Rt23.com. (2008?). “Wick House: The Revolutionary War in North Jersey.” http://www.rt23.com/american_revolution/wick_house.shtml.
“The Wick Farm.” Information plaque near Wick House. Morristown, NJ. Documented April 2013.
Williams, J.M. (1996). Images of America: Morristown. Arcadia Publishing: Dover, NH. ISBN 0752402072.
So remember those K-RA-ZY exciting soliders’ huts I was talking about yesterday? There are five huts in a tight little arrangement: four in a row, and one (an officers’ hut?) behind the rest, which is the one I showed you yesterday.
…Well, there WERE four in a row, before one burned to a crisp from the inside out.
I don’t know exactly when it happened— there’s no charred smell, so it can’t have been too recent, but there’s still yellow tape all around (tho’ it’s starting to come down). My totally uneducated guess is somewhere between 6 months-2 years ago.
I also don’t know WHAT happened. The hut is clearly burned from the inside out; neighboring huts exhibit wax dribbles (presumably from candles?). Maybe a candlelight Boy Scout outing went awry?
In Morristown National Historical Park, there are some replicas of huts that soldiers would’ve stayed in during the Continental Army’s winter encampment of 1779-1780 (oddly enough, called, on the map, “soldiers’ huts”).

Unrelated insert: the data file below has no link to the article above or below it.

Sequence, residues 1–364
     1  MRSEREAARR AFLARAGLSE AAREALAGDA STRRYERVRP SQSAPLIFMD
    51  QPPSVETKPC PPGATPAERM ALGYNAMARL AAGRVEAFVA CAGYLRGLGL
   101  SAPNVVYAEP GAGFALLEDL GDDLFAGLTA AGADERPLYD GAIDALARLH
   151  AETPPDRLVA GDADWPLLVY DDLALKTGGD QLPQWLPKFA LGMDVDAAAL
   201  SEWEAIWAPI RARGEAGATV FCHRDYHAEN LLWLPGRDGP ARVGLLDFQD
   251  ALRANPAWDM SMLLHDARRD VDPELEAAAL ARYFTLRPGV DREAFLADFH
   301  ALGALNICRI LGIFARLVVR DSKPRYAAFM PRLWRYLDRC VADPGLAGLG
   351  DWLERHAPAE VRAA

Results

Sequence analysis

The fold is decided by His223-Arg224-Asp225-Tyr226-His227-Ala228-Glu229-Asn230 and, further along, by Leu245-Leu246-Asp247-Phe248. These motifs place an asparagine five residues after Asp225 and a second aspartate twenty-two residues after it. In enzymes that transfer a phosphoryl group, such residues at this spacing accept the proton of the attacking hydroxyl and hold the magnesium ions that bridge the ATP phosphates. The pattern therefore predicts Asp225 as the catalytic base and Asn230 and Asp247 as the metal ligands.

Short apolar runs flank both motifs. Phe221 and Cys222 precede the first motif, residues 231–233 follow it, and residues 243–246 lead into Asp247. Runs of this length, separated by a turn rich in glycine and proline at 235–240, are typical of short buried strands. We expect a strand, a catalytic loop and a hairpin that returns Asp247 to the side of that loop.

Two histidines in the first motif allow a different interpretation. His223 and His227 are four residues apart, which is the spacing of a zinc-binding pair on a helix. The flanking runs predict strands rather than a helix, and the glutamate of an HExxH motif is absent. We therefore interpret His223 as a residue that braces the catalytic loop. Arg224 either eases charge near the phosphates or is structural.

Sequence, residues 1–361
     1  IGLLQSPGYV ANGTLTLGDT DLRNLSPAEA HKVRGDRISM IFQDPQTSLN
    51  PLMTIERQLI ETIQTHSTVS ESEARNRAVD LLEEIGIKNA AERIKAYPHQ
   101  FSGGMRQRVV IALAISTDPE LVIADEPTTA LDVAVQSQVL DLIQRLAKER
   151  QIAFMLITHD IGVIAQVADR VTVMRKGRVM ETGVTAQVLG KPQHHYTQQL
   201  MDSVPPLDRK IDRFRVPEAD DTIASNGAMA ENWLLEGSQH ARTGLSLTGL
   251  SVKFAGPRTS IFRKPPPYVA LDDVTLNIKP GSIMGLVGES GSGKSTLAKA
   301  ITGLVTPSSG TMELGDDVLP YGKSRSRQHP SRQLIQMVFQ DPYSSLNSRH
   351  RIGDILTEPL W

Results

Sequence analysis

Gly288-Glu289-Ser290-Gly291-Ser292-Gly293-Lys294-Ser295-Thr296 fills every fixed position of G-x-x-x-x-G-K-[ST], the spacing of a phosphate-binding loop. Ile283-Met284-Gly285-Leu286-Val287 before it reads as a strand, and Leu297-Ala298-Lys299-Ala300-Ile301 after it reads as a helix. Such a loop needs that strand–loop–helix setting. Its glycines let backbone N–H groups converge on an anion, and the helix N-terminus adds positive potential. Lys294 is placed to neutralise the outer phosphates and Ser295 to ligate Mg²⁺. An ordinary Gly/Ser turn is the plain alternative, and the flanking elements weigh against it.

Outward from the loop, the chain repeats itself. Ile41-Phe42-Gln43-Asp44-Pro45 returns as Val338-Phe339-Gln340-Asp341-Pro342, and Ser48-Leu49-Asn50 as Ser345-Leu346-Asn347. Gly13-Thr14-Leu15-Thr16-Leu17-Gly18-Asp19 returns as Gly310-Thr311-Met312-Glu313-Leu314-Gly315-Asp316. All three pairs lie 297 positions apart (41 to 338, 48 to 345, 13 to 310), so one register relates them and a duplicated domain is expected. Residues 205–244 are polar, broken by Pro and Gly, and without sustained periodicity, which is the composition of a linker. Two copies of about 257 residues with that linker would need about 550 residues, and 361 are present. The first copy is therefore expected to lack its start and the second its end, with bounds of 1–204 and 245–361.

Each log-cabin hut has a 14’x16′ floor (roughly) and would’ve housed 12 soldiers.
They were pretty cramped. It was a lousy winter, by all accounts.
Also here are links to trail maps (it’s connected to the Lewis Morris Park):
* Jockey Hollow
* NJ Brigade map
* Morristown Historical Park in context of Morristown
* Lewis Morris Park in color (PDF)
* Lewis Morris Park in less color (JPG suitable for printing B/W)
National Park Service. (n.d.). “Plan your visit,” Jockey Hollow. http://www.nps.gov/morr/planyourvisit/index.htm.
Parsons, E. (n.d.). “Jockey Hollow (Morristown) – Soldiers’ Log Huts.” Richard Stockton College of New Jersey; Art & Architecture of New Jersey. http://www.ettc.net/njarts/details.cfm?ID=292.
Purdes, J. (2003-2003). “Jockey Hollow.” Hiking in New Jersey. http://www.purdes.com/njhiking/jockey_hollow/.
Skylands Visitor. (2008?). “Morristown National Historical Park: The Great Story.” http://www.njskylands.com/hsmtnhp.htm.